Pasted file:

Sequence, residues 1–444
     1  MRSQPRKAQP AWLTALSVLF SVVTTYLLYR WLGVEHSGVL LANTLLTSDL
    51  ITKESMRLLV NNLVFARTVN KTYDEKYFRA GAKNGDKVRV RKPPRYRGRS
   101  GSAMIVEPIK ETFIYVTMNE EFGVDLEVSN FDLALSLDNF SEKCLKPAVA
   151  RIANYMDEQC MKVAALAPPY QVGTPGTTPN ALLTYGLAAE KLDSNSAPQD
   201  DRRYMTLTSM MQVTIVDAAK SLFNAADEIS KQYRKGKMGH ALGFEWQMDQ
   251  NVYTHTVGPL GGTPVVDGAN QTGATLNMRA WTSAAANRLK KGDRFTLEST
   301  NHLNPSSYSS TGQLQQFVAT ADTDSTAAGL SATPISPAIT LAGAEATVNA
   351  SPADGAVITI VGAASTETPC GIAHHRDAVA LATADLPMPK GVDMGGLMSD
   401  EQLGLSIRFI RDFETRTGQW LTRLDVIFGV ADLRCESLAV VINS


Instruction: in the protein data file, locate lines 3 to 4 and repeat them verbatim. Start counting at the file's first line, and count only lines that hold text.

    51  ITKESMRLLV NNLVFARTVN KTYDEKYFRA GAKNGDKVRV RKPPRYRGRS
   101  GSAMIVEPIK ETFIYVTMNE EFGVDLEVSN FDLALSLDNF SEKCLKPAVA